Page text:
The sesquicentennial offered a Civil War-related cornucopia of historical delights: lectures, tours and exhibitions. Lively discussions continued about the best way to recognize the city’s connection to slavery and the Lumpkin’s Slave Jail site in Shockoe Bottom — better than avoiding the subject altogether. Debates swirled around Confederate-era memorials and how contemporary context might better relate their meaning.
Though the highly anticipated South Side spot opened at the tail of 2014, its star shone bright throughout this year, escalating from neighborhood haunt to one of Bon Appétit’s top 50 best new restaurants in the country. Its chefs didn’t fare too shabbily, either: Joe Sparatta (also of Heritage) took home the title of Chef of the Year during January’s Elby Awards, and in February, Lee Gregory (also of The Roosevelt) was tapped as a James Beard Award semifinalist. Southbound has won national acclaim for its family friendly ethos and elevated kids menu — just one reason why Richmonders and visitors keep the tables packed, night after night.
Who had a bad year?
What was supposed to be a watershed year turned into more of the same for advocates for a freestanding children’s hospital in the region. The project, long plagued by delays and false starts, hit another snag this spring. The VCU Health System and the Bon Secours Richmond Health System backed out of negotiations facilitated by the Children’s Hospital Alliance, spurning a $150 million gift from philanthropists Bill and Alice Goodwin. Supporters tried, and failed, to persuade the health systems to come back to the table. Last month, the alliance shed its paid staff, and told City Council it was abandoning its lobbying efforts to claim the coveted Boulevard site for the hospital.
Redskins Training Camp
Coming off a rare playoff appearance, the Washington Redskins drew healthy crowds when they arrived for training camp in 2013, and who didn’t love NFL rookie of the year, Robert Griffin III? Then this year the wheels came off: RGIII is riding the bench; average daily attendance dropped from 11,183 to 6,222 in one year; and the promised economic impact remains somewhat ethereal, with a 25 percent office vacancy rate at the $10 million training center — sorry, the Bon Secours Washington Redskins Training Center™ — and the Richmond Economic Development Authority covering a $285,538 shortfall in the city’s required annual contributions to the Redskins for moving the training camp here.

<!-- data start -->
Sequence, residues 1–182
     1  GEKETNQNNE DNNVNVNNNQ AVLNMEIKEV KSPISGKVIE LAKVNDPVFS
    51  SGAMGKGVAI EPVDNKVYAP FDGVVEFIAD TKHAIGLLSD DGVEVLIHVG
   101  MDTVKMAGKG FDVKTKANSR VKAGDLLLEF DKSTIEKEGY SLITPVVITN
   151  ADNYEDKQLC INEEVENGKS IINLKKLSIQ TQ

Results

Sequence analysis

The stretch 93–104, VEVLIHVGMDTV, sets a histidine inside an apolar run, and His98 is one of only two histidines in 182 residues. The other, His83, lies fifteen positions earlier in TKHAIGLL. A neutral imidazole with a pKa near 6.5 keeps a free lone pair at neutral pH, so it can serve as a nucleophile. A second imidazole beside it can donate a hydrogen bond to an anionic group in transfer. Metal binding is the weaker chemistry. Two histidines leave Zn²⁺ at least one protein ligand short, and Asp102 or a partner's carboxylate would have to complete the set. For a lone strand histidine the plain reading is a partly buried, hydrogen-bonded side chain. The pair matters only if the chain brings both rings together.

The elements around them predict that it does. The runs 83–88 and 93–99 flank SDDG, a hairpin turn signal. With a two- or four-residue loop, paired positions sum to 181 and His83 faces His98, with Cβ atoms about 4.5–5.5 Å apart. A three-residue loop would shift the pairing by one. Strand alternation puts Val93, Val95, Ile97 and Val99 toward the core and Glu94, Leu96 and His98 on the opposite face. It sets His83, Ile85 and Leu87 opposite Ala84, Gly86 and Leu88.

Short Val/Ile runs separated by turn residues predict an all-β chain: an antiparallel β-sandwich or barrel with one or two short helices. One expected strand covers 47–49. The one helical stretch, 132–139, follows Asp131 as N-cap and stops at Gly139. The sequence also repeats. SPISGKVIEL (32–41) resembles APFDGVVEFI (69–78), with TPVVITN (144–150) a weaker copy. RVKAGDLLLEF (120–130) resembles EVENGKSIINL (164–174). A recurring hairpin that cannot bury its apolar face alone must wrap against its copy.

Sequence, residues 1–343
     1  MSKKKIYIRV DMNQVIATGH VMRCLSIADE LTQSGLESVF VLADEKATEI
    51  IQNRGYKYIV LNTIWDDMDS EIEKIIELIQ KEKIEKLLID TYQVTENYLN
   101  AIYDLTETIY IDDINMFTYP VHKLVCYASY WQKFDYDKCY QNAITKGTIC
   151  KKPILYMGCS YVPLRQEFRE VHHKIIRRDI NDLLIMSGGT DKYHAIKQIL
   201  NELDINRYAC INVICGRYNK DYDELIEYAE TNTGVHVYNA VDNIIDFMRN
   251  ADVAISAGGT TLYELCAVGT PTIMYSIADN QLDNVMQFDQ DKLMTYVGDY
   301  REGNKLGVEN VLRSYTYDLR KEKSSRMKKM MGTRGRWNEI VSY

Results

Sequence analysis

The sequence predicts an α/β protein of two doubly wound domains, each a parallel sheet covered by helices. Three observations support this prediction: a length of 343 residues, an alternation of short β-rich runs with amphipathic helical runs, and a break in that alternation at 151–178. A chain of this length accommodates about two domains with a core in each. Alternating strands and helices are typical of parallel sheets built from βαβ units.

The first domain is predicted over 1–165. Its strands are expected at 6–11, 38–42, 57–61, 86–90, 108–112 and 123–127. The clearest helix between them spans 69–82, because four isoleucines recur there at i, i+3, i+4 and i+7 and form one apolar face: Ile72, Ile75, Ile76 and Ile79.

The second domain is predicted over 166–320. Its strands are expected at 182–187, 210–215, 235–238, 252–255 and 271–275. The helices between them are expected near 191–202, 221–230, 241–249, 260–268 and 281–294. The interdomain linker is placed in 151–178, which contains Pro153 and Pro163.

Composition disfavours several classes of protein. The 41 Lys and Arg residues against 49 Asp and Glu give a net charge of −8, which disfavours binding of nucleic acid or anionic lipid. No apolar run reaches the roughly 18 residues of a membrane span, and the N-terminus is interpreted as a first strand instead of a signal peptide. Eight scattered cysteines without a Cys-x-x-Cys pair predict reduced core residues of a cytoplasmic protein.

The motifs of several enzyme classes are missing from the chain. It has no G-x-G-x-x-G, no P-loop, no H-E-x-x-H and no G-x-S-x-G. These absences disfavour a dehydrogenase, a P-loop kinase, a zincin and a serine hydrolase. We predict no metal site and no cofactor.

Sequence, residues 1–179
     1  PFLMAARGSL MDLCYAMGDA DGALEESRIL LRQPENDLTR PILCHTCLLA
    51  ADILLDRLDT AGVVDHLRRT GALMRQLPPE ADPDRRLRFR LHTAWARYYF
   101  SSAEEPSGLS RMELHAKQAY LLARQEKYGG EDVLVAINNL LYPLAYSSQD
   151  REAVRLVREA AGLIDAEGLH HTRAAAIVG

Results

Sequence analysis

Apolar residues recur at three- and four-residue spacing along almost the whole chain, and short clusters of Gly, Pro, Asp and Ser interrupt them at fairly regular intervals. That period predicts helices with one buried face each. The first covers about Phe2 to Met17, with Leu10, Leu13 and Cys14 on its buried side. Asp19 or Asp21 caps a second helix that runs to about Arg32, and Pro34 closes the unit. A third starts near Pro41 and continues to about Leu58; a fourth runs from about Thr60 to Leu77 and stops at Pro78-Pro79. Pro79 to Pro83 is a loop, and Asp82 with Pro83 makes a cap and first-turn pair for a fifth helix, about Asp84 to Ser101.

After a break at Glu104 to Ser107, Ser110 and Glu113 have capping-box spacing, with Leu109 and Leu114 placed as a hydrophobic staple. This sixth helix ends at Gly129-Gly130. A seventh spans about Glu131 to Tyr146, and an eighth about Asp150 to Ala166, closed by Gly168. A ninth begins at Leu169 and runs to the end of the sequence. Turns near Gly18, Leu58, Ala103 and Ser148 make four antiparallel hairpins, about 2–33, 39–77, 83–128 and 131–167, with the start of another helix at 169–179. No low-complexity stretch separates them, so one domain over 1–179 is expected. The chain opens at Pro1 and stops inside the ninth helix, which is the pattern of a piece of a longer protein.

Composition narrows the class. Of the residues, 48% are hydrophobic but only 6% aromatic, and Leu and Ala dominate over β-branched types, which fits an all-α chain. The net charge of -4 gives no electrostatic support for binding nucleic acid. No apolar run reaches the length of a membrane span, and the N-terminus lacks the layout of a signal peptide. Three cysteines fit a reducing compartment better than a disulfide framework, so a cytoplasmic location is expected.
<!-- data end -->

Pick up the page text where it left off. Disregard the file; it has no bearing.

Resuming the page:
Perhaps the writing was on the wall when founder and CEO Tonya Mallory abruptly resigned in 2014 and mass layoffs followed. Health Diagnostic Laboratory, Inc., the one-time-darling of the Richmond startup scene, saw its reputation and business plummet in 2015 under the weight of several lawsuits, including one lodged by the U.S. government alleging an elaborate kickback scheme. HDL declared bankruptcy in June, and was ultimately sold to a Texas-based company this fall. Mallory, who is seeking dismissal of the government lawsuit, has called the accusations “a witch hunt.”
Mayor Dwight Jones
Yes, the stadium-in-Shockoe-Bottom redevelopment plan – in which the mayor invested so much political capital – died this year amid unanswered financial questions and persistent opposition. The Squirrels’ new ballpark will have to become an economic catalyst elsewhere. But it was the nuts-and-bolts stuff that did Jones in in 2015. He’s the man at the head of the administrative table, and when an annual comprehensive financial report is nearly a year late and departments are in upheaval — no matter what the reason — it is upon his shoulders the blame must fall.
The Virginia Flaggers
The June shooting deaths of nine people at a historic black church in Charleston, South Carolina, rekindled a national debate about the Confederate flag, with Alabama and South Carolina each removing it from capitol grounds and Gov. Terry McAuliffe ordering the phasing out of the flag insignia on Virginia license plates. Despite the seeming shift in momentum, the Virginia Flaggers, local Stars and Bars supporters, were undeterred: In response to a protest against the UCI Road World Championships’ route including Monument Avenue, the flaggers had a plane circle overhead, trailing a banner with the words “Confederate heros [sic] matter.” Though the group blamed the typo on the pilot, the Flaggers got roasted for the gaffe.
Boy, that live-stream of the Institute for Contemporary Art construction site is a bore, isn’t it? A five-month work stoppage to start the year ended over the summer when the university and its contractor settled a money dispute that saw the overall cost of the future gateway to the Monroe Park campus increase by more than $4 million. The university broke ground on the project in June 2014, and the ICA has raised nearly $35 million of its $37 million goal. The facility was supposed to open in 2016. A revised timetable sets the opening back until 2017. Patience, art buffs. Patience.